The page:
The GravitySpace prototype senses pressure at 1mm resolution and projects across an active area of 8 m² in a single seamless piece–a 10x larger version of multitoe.

Check out this video of GravitySpace:

Another projects they showed us is called Haptic Turk Wwalk-Up VR where a user can use his/her friends for motion based feedback in a virtual world. This is a great solution because it not only involves your friends it is also a cheap solution to not buying an expensive motion platform.
Fully immersive experience with motion feedback based on People

First Weekend in UNH IRES Program: Mercedes-Benz Museum and Ludwigsburg Palace

Mercedes-Benz Museum

The Mercedes-Benz Museum was so much fun to see. It was my first automobile museum and it did not disappoint. The museum structure is a double helix and you start at the top of the building from the 1886 Benz Patent-Motorwagen to present time. The one thing I found interesting about the museum is that it not only takes you through Mercedes-Benz history, but also historic world events. One historic event that caught my eye being a track and field athlete is Jesse Owens saluting after beating Germany’s Lutz Long (right) to the long jump title at the 1936 Olympics (as you can see in the picture above). We actually went and saw the stadium in Berlin where Jesse Owens competed later during our time in Germany.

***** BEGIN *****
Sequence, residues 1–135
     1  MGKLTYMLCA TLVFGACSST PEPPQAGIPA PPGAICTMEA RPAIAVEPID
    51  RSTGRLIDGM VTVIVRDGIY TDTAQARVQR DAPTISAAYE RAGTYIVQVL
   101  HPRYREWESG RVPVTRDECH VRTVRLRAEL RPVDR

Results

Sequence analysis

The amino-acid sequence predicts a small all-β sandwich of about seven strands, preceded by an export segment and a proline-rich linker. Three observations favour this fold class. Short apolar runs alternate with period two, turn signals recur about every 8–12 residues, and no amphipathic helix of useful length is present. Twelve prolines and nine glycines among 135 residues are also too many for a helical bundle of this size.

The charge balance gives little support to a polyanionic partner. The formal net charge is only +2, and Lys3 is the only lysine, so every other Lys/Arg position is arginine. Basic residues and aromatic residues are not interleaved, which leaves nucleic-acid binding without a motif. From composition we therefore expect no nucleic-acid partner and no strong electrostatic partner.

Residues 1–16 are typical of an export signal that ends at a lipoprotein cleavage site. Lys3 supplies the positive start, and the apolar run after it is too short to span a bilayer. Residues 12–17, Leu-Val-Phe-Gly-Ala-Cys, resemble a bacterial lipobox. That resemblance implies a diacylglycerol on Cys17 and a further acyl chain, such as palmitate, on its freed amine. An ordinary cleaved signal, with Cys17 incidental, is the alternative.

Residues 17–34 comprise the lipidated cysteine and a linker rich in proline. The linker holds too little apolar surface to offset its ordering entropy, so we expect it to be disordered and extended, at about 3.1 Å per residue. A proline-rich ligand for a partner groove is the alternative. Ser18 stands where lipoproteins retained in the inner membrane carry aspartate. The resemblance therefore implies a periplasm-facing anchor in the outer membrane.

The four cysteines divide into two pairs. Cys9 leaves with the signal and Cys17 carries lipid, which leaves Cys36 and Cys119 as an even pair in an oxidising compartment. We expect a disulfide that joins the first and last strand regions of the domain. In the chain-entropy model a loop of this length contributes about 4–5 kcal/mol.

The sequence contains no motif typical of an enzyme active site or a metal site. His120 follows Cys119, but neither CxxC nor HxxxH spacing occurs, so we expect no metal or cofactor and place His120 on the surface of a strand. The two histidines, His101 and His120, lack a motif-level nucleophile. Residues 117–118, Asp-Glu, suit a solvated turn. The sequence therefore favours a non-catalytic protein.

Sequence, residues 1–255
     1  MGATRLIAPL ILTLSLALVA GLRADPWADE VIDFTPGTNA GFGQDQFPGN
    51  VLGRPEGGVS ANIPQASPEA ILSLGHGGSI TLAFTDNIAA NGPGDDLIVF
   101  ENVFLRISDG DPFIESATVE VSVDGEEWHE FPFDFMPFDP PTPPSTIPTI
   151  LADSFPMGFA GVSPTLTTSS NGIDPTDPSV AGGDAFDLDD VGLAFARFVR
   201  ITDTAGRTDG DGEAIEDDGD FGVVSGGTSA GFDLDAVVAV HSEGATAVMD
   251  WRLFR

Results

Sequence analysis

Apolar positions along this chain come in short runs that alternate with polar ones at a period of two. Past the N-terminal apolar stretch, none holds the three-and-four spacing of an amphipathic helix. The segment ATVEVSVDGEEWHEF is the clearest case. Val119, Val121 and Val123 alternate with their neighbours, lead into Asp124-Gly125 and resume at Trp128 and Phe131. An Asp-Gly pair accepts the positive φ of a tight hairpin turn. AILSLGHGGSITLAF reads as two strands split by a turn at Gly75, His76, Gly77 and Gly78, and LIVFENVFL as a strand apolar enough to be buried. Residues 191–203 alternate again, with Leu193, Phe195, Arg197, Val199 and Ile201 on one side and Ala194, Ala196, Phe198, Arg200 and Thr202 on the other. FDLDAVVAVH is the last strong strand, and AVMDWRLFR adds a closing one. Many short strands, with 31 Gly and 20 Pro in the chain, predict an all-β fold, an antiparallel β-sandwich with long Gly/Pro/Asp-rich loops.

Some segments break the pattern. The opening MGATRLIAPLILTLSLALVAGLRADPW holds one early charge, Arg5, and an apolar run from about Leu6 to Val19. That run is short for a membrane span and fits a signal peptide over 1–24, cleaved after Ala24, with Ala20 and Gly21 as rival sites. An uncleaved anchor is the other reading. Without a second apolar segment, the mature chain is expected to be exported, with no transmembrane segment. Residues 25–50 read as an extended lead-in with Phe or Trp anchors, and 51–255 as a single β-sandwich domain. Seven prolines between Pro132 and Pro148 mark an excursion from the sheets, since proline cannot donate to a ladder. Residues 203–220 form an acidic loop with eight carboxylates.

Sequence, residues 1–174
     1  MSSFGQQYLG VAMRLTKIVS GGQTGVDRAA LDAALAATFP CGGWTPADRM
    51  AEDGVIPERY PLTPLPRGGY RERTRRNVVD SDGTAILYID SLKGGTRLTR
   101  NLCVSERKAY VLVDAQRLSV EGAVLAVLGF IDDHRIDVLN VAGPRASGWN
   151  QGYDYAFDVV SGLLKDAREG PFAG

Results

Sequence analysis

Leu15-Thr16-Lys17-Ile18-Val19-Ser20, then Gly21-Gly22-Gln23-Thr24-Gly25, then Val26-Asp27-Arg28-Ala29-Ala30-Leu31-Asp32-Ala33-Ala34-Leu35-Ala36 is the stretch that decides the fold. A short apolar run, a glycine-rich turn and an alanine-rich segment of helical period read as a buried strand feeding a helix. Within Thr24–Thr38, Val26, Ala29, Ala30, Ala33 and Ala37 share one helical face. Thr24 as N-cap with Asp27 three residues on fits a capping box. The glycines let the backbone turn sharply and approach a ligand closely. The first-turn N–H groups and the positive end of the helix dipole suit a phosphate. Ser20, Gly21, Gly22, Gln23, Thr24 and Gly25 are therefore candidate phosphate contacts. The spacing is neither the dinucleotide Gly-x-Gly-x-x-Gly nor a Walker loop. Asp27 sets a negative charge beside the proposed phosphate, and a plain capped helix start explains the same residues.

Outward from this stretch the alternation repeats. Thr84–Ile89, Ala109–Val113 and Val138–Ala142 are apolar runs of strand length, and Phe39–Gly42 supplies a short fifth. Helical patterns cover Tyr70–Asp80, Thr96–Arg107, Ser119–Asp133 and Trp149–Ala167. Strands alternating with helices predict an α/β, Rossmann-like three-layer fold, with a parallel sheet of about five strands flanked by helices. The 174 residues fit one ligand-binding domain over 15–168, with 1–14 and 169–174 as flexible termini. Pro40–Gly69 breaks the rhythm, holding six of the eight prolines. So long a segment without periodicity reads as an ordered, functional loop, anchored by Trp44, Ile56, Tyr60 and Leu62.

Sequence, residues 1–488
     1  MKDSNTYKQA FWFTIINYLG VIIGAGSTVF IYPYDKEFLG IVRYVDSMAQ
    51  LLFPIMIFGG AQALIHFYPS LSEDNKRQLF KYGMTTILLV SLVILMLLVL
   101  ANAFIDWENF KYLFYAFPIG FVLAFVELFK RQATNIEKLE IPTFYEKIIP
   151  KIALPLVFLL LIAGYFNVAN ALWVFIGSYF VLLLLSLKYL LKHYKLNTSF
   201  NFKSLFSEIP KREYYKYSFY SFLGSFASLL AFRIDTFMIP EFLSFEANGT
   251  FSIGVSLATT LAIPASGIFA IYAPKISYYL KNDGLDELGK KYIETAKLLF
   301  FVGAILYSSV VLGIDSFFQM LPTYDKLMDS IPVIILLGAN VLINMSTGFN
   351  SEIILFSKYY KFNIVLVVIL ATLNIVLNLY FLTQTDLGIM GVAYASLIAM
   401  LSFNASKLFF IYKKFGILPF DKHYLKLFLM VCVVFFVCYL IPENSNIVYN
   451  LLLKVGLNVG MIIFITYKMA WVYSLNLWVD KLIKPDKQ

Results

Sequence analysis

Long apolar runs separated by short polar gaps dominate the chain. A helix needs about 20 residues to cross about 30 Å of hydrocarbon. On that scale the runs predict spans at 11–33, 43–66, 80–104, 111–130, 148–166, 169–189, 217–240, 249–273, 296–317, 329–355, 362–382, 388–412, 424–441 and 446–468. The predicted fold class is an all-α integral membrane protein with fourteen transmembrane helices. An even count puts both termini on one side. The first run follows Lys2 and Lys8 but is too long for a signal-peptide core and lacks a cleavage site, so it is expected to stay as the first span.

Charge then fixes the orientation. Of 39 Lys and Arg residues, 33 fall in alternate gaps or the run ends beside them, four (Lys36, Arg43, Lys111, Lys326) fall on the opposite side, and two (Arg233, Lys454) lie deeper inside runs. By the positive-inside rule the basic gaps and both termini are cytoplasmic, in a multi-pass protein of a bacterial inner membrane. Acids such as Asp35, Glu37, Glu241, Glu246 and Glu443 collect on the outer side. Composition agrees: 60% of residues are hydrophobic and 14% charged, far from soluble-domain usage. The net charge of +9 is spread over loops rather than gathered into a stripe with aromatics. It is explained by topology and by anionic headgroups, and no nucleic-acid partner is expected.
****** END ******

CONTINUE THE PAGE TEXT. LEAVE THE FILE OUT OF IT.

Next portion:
The Ludwigsburg Palace in my mind was the most beautiful place I saw in Stuttgart. You can’t help but get entranced in its atmosphere.

Week 1: Introduction to Eye Tracking and Physiological Sensor Technology

First Week Technology

During our first week at the University of Stuttgart we received a plethora of technology that was mainly new to all of us. It was a very exciting week. I felt like a kid in a toy store being able to pay with everything. The technology we played with were:

I am very fortunate to have already been exposed to such advanced technologies because I will most likely be using these devices later on in my education and career. Especially now that eye trackers and brain computing interfaces are becoming more and more commercialized.

Introductions and of Course, Thank Yous

Michael Nguyen

Hi, my name is Michael Nguyen and I’d like to first introduce myself to the Human-Computer Interaction Lab at the University of New Hampshire (UNH) blog page as one of the fortunate students in IRES program.

I’m currently an undergraduate student studying industrial engineering at Montana State University-Bozeman (MSU). My background as an undergrad ranges from operations management and process improvement to human factors, usability, and interaction design. I also have a background in nonprofits being a Student Ambassador for the Montana State University Alumni Foundation where I help advance MSU’s resources . At Montana State University I have performed research under Nicholas J. Ward at the Western Transportation Institute, which is the country’s largest National University Transportation Center focused on rural transportation issues. I hope to continue my education after receiving my bachelors degree in the realm of user experience.

I will be sharing my experiences throughout the UNH IRES program in this blog.

Following Drea in suit, I would also like to thank everyone at the University of Stuttgart for being more than accommodating to myself and the group during our stay. Thank you Professor Albrecht Schmidt, Anja Mebus, Bastian Pfleging, Yomna Abdelrahman, Markus Funk, Miriam Greis, Mariam A. Hassib, Lars Lischke, Alireza Sahami, Stefan Schneegass, Florian Alt, Nora Broy, Sven Mayer, Mauro Avila, Katrin Wolf, and anyone else I might have forgotten.